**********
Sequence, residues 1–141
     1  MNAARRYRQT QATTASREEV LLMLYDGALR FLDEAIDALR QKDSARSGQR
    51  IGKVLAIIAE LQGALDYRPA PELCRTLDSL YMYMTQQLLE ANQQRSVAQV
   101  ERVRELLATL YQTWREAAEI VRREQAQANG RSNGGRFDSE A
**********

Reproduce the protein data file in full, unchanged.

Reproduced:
Sequence, residues 1–141
     1  MNAARRYRQT QATTASREEV LLMLYDGALR FLDEAIDALR QKDSARSGQR
    51  IGKVLAIIAE LQGALDYRPA PELCRTLDSL YMYMTQQLLE ANQQRSVAQV
   101  ERVRELLATL YQTWREAAEI VRREQAQANG RSNGGRFDSE A